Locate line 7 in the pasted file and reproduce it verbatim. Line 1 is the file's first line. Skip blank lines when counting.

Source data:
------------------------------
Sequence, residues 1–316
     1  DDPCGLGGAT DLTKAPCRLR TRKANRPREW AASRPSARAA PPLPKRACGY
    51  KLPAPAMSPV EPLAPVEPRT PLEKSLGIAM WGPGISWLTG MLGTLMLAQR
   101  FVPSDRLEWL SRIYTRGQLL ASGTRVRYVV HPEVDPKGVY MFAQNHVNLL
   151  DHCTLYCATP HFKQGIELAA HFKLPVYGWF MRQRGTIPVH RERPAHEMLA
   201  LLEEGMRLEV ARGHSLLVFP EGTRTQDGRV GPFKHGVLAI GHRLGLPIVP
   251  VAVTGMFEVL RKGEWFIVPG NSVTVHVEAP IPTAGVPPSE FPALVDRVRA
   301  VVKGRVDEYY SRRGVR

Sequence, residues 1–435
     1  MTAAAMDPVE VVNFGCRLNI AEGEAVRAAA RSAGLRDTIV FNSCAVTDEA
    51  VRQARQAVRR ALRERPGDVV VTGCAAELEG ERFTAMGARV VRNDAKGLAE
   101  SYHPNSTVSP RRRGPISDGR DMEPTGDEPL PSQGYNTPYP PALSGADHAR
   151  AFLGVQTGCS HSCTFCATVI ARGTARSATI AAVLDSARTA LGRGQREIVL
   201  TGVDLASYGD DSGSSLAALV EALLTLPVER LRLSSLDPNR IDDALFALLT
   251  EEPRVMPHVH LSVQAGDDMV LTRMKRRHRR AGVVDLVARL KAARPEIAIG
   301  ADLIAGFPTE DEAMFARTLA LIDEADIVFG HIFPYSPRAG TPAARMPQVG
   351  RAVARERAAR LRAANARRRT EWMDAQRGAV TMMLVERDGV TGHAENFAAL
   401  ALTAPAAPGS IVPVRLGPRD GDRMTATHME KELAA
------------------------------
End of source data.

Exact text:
   251  VAVTGMFEVL RKGEWFIVPG NSVTVHVEAP IPTAGVPPSE FPALVDRVRA